Democrats threaten to kill Medicare bill

By Mark Shermam ~ The Associated Press

WASHINGTON -- The Senate Democratic leader promised a vigorous fight Sunday against the Medicare prescription drug bill, one of President Bush's top priorities, which passed the House only after an unprecedented three-hour vote.

Sen. Tom Daschle acknowledged, however, that Democrats lack the votes to sustain a filibuster threatened by Sen. Edward Kennedy and his fellow Massachusetts Democrat, presidential contender John Kerry. Republicans can stop the filibuster with 60 of the Senate's 100 votes.

"A number of our colleagues believe that we ought to focus on the flaws, and there are many, many flaws today," said Daschle, D-S.D. "But I must say we will fight this bill as hard as we possibly can. We have a number of procedural options available to us, and we're going to use them all."

Neither Daschle, who spoke on NBC's "Meet the Press," nor his spokeswoman, Ranit Schmelzer, would elaborate on what other parliamentary moves the Democrats might use against the bill.

Senate Majority Leader Bill Frist, who scheduled a vote Monday to block the threatened filibuster and wants final passage of the bill early in the week, said he thinks that the bill's supporters have more than 60 votes.

"I think we can break the filibuster," said Frist, R-Tenn.

The legislation was the subject of rare weekend Senate debates after the House passed it on the extended vote before dawn Saturday.

For his part, Kennedy was committed to the filibuster, although he repeated his offer to forgo the exercise if the Republican leaders in the House would agree to bring it up again there.

"This was Florida all over again," Kennedy told ABC's "This Week."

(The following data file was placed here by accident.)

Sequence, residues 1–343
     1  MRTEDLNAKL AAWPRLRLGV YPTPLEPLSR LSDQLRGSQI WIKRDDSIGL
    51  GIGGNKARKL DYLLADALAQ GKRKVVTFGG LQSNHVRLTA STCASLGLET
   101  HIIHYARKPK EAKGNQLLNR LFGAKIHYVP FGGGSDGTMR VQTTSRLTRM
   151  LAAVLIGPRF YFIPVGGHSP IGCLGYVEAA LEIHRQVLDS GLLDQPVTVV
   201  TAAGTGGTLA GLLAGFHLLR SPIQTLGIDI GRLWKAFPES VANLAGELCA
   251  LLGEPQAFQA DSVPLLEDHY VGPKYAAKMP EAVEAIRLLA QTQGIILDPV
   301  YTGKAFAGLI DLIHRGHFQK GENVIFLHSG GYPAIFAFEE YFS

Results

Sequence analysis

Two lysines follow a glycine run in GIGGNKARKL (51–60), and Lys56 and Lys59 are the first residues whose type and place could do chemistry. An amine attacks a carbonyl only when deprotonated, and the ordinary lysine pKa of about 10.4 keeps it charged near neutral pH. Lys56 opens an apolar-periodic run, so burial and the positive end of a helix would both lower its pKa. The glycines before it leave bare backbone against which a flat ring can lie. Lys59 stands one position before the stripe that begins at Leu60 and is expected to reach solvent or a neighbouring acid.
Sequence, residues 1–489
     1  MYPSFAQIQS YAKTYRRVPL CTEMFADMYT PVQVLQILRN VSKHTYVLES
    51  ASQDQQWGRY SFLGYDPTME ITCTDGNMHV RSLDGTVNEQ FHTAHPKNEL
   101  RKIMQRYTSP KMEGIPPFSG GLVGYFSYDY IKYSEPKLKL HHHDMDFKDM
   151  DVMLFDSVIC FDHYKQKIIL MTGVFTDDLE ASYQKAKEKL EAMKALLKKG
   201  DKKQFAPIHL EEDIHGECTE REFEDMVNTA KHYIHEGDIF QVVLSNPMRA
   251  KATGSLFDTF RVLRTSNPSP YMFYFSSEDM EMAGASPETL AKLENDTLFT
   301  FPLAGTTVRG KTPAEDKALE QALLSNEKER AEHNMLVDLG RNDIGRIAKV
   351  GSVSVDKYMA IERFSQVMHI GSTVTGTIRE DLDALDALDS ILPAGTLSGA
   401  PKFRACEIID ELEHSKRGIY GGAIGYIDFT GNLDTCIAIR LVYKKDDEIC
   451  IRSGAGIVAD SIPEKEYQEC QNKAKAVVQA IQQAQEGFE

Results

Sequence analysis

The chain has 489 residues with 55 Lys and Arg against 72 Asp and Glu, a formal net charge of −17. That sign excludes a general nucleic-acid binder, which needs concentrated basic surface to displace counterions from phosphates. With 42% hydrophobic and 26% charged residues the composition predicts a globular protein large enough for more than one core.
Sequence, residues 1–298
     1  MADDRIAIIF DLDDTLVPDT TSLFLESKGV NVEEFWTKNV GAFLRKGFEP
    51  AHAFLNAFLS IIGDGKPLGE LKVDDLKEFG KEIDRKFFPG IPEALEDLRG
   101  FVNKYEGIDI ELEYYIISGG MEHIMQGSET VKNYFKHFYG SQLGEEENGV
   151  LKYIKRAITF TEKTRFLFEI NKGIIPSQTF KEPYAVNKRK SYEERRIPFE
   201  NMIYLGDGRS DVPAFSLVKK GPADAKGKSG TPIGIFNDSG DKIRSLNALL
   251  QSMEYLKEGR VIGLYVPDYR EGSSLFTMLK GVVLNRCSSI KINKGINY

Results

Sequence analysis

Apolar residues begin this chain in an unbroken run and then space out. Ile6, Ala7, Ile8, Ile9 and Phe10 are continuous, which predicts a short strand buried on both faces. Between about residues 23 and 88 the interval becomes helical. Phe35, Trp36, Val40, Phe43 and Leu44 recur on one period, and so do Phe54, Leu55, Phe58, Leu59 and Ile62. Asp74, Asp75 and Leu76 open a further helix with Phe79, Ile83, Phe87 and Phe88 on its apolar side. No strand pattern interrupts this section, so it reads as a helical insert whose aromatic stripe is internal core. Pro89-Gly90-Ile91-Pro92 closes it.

"Republicans played fast and loose with the votes in Florida. They did with the House of Representatives. And if this is such a wonderful, wonderful program, why not have the free and open debate?" he said.

House Speaker Dennis Hastert, R-Ill., said on "Fox News Sunday" that Kennedy's outrage over the House vote was interesting considering that the senator "wants to deny people to have their vote. He wants to deny people to have an up or down vote on health care in the U.S. Senate by filibustering, to delay the vote."

The bill would create a prescription drug benefit for 40 million older and disabled Americans, as well as a new option for private health care coverage.

Democrats overwhelmingly oppose the plan. They say some elements of the bill were too dear a price to pay for the drug benefit -- especially a provision creating a limited experiment in direct competition between private plans and traditional Medicare beginning in 2010.

Like Kennedy, other Democratic senators said they were upset with what they said were strong-arm tactics by House GOP leaders. The House approved the bill only after the longest roll call in the chamber's history that ended at dawn -- a contrast to the 15 minutes such votes are supposed to last.

The House vote was stuck at 216 to 218 for over an hour, with the bill on the edge of defeat until a flurry of last-minute switches overcame a rebellion by conservatives.

Sen. Joseph Biden of Delaware and presidential hopeful Joe Lieberman of Connecticut said they would support Kennedy's filibuster. Sen. John McCain, R-Ariz., appearing with Kennedy on ABC, said he would, too, but for a reason different from Kennedy's.

"He wants to make it bigger. I want to make it better," said McCain, who said he worries about spiraling costs to state and federal treasuries and "another $8 trillion in unfunded mandates that we're laying on our kids."

Hastert, his lieutenants and Health and Human Services Department Secretary Tommy Thompson shuttled from one GOP holdout to another seeking the votes to prevail. The president lobbied about a dozen lawmakers by phone from the White House late Friday and early Saturday.

Republicans hope to pass the bill and send it to the president before Thanksgiving.